For three days and three nights, Phe¦drus stares at the wall of the bedroom, his thoughts moving neither forward nor backward, staying only at the instant. His wife asks if he is sick, and he does not answer. His wife becomes angry, but Phe¦drus listens without responding. He is aware of what she says but is no longer able to feel any urgency about it. Not only are his thoughts slowing down, but his desires too. And they slow and slow, as if gaining an imponderable mass. So heavy, so tired, but no sleep comes. He feels like a giant, a million miles tall. He feels himself extending into the universe with no limit. He begins to discard things, encumbrances that he has carried with him all his life. He tells his wife to leave with the children, to consider themselves separated. Fear of loathsomeness and shame disappear when his urine flows not deliberately but naturally on the floor of the room. Fear of pain, the pain of the martyrs is overcome when cigarettes burn not deliberately but naturally down into his fingers until they are extinguished by blisters formed by their own heat. His wife sees his injured hands and the urine on the floor and calls for help. But before help comes, slowly, imperceptibly at first, the entire consciousness of Phe¦drus begins to come apart - to dissolve and fade away. Then gradually he no longer wonders what will happen next. He knows what will happen next, and tears flow for his family and for himself and for this world.
Nancy waded out to her own rocks and searched her own pools and let that couple look after themselves. She crouched low down and touched the smooth rubber-like sea anemones, who were stuck like lumps of jelly to the side of the rock. Brooding, she changed the pool into the sea, and made the minnows into sharks and whales, and cast vast clouds over this tiny world by holding her hand against the sun, and so brought darkness and desolation, like God himself, to millions of ignorant and innocent creatures, and then took her hand away suddenly and let the sun stream down. Out on the pale criss-crossed sand, high-stepping, fringed, gauntleted, stalked some fantastic leviathan (she was still enlarging the pool), and slipped into the vast fissures of the mountain side. And then, letting her eyes slide imperceptibly above the pool and rest on that wavering line of sea and sky, on the tree trunks which the smoke of steamers made waver on the horizon, she became with all that power sweeping savagely in and inevitably withdrawing, hypnotised, and the two senses of that vastness and this tininess (the pool had diminished again) flowering within it made her feel that she was bound hand and foot and unable to move by the intensity of feelings which reduced her own body, her own life, and the lives of all the people in the world, for ever, to nothingness. So listening to the waves, crouching over the pool, she brooded.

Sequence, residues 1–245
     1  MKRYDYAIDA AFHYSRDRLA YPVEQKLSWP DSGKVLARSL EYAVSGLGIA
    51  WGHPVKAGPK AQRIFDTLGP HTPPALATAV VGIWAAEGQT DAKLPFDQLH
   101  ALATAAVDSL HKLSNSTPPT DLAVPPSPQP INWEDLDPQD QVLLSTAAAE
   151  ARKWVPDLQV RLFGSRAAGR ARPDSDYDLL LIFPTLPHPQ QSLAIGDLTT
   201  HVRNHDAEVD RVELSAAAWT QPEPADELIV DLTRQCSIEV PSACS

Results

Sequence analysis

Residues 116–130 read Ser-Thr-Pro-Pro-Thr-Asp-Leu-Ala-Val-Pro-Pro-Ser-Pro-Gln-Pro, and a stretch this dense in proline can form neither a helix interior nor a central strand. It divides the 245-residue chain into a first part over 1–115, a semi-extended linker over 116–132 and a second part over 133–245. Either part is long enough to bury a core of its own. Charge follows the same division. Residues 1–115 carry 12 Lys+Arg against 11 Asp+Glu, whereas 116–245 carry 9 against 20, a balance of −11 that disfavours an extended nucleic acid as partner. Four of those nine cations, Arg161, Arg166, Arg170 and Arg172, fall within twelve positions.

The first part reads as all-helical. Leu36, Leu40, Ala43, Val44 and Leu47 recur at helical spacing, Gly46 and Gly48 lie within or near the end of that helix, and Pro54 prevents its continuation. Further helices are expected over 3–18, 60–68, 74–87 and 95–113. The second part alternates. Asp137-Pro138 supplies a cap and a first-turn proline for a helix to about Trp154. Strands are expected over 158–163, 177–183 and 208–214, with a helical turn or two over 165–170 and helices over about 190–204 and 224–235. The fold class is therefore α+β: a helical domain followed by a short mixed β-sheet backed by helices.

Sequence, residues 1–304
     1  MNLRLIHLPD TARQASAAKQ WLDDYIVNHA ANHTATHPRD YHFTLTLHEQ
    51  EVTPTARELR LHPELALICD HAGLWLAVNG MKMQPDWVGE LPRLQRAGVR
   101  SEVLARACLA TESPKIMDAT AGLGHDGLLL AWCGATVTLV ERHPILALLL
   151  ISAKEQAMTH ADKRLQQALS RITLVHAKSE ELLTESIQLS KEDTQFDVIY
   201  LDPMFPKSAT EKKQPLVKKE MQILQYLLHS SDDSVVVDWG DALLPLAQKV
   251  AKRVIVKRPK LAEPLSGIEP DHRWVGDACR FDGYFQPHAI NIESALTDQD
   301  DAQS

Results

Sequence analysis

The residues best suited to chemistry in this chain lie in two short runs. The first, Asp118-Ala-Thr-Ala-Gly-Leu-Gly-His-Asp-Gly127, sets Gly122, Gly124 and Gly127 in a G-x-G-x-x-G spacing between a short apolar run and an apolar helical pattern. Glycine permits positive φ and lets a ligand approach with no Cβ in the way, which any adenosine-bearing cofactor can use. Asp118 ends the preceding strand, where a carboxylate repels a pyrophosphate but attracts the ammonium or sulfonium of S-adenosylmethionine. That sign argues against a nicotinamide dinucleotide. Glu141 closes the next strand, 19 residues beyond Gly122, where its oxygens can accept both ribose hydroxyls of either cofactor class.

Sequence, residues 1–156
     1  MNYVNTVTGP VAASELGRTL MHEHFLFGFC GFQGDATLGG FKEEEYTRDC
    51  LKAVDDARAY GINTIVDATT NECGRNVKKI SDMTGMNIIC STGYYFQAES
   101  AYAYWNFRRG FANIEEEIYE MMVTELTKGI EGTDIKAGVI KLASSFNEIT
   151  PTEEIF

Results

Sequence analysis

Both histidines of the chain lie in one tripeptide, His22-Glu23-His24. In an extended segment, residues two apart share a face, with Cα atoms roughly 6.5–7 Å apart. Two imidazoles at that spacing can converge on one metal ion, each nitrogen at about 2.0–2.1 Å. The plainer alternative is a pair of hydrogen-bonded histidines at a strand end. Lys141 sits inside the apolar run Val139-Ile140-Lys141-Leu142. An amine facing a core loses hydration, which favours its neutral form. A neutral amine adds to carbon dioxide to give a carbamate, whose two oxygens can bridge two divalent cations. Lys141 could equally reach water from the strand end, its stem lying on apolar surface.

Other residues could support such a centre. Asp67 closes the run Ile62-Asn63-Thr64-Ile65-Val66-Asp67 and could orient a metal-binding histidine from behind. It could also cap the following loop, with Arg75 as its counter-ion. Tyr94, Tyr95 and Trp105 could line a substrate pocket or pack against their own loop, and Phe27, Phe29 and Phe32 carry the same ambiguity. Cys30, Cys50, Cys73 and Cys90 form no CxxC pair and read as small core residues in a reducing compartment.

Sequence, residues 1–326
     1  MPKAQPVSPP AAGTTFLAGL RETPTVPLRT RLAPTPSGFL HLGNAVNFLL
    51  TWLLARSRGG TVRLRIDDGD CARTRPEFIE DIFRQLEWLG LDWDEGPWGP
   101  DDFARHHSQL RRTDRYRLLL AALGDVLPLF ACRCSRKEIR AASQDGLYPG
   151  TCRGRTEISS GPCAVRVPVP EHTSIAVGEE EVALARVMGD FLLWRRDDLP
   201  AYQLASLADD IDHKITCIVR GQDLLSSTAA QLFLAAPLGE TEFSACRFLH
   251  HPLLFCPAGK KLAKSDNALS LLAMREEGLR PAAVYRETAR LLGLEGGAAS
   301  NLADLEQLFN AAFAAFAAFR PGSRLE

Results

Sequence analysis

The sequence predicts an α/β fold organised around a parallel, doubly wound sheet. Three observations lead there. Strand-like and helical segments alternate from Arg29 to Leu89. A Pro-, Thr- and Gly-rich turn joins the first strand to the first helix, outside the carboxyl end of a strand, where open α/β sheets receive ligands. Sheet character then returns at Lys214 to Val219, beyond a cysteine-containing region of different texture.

Finding a taxi, she felt like a child pressing her nose to the window of a candy store as she watched the changing vista pass by while the twilight descended and the capital became bathed in a translucent misty lavender glow. Entering the city from that airport was truly unique. Charles de Gaulle, built nineteen miles north of the bustling metropolis, ensured that the final point of destination was veiled from the eyes of the traveller as they descended. No doubt, the officials scrupulously planned the airport's location to prevent the incessant air traffic and roaring engines from visibly or audibly polluting the ambience of their beloved capital, and apparently, they succeeded. If one flew over during the summer months, the visitor would be visibly presented with beautifully managed quilt-like fields of alternating gold and green appearing as though they were tilled and clipped with the mathematical precision of a slide rule. The countryside was dotted with quaint villages and towns that were obviously under meticulous planning control. When the aircraft began to descend, this prevailing sense of exactitude and order made the visitor long for an aerial view of the capital city and its famous wonders, hoping they could see as many landmarks as they could before they touched ground, as was the usual case with other major international airports, but from this point of entry, one was denied a glimpse of the city below. Green fields, villages, more fields, the ground grew closer and closer, a runway appeared, a slight bump or two was felt as the craft landed, and they were surrounded by the steel and glass buildings of the airport. Slightly disappointed with this mysterious game of hide-and-seek, the voyager must continue on and collect their baggage, consoled by the reflection that they will see the metropolis as they make their way into town. For those travelling by road, the concrete motorway with its blue road signs, the underpasses and the typical traffic-logged hubbub of industrial areas were the first landmarks to greet the eye, without a doubt, it was a disheartening first impression. Then, the real introduction began. Quietly, and almost imperceptibly, the modern confusion of steel and asphalt was effaced little by little as the exquisite timelessness of Parisian heritage architecture was gradually unveiled. Popping up like mushrooms were cream sandstone edifices filigreed with curled, swirling carvings, gently sloping mansard roofs, elegant ironwork lanterns and wood doors that charmed the eye, until finally, the traveller was completely submerged in the glory of the Second Empire ala Baron Haussmann's master plan of city design, the iconic grand mansions, tree-lined boulevards and avenues, the quaint gardens, the majestic churches with their towers and spires, the shops and cafes with their colourful awnings, all crowded and nestled together like jewels encrusted on a gold setting.